I'm starting up a new campaign in a few weeks and I decided to fix up an old campaign setting to use for it. I wanted to make a proper map that I could use to chart the characters' travels, so I decided to make a hex map.

Here was my first shot at making a hex map:
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The symbols here were never really meant to be permanent - the mountains especially - but after finishing this much, I decided I wanted to go into much more detail. So I blew it up and started over....
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For the record, this map is pretty huge. (This is scaled down to the more comfortable viewing size of 6.25%, haha.)

(Here's a closeup, just because I like the trees.)
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First, I'm not used to doing maps that are actually to scale, rather than symbolic, heh, so my scale here is probably badly off. I decided, though, that something (like a town or a river) inside a hex just means that it's somewhere in the hex, not that it necessarily takes up the entire thing. (That's my story and I'm sticking to it, heh.) I'm worried that my rivers may be too big, though, or my mountain(ous region)s too small, or any number of other things, so if something is off, I would really like to know. Each of the small hexes is supposed to represent half a day's travel - so about 10 miles across?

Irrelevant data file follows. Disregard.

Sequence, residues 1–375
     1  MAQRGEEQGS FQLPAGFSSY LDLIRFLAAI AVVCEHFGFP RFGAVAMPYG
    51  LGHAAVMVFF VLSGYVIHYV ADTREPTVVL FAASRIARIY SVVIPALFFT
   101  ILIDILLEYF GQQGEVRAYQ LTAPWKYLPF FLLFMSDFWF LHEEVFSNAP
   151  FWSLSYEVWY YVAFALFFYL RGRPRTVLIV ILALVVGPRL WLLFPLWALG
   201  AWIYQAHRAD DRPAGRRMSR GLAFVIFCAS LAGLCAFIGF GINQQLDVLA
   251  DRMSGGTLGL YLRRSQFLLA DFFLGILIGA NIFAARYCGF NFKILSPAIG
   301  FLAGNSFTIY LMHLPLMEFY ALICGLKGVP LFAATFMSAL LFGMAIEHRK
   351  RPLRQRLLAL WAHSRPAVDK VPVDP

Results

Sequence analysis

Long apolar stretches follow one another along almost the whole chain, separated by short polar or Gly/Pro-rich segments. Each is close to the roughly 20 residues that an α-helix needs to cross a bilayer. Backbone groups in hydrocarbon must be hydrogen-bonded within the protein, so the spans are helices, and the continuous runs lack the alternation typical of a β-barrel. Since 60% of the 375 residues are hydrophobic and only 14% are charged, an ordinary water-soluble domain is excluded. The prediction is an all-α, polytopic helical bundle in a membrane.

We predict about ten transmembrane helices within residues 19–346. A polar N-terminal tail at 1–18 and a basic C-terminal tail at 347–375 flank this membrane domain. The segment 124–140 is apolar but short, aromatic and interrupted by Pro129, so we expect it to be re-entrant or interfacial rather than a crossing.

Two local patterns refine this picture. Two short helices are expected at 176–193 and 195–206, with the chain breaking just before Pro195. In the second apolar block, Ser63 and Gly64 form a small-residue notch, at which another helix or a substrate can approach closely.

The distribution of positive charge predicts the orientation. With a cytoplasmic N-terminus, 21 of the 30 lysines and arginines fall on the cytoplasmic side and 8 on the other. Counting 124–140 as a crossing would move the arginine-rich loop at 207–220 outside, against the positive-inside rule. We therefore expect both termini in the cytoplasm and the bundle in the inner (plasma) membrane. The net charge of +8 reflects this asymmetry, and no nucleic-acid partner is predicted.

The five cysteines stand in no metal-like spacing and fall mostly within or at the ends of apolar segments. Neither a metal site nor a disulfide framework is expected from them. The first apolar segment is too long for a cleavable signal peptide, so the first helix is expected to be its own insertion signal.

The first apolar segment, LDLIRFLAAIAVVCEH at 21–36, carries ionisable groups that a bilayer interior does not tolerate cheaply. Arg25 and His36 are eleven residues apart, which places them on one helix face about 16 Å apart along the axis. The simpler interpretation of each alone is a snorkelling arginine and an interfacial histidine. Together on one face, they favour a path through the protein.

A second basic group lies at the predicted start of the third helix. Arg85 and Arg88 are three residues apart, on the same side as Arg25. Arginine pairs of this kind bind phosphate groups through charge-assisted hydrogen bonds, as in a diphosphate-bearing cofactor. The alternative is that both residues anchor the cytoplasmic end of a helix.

One thing I know is that I don't have very many rivers; I only drew in ones that were navigable or seemed important, but I don't know if that's a good way to do it.

The black spots are population centers* and the red lines are roads - they'll eventually be replaced with something nicer. (Circles of varying size/design for the various towns, and probably dotted lines for the roads.)

My big problem at this point is that I have no idea how I want to do the mountains. (I really want to keep it in a top-down view, but I don't think the realistic look of rendered mountains fits this. I haven't yet been able to find a good example of top-down mountains that will fit with the simplified style I'm going for.

*The idea behind this whole setting was that there was a big catastrophe that wiped out many people and increased the number of extremely dangerous hostile monsters. So while there's been some recovery, people are still clustered around safe areas instead of being as spread out as they used to be. (Which also means there are plenty of monster-infested ruins for the characters to explore.)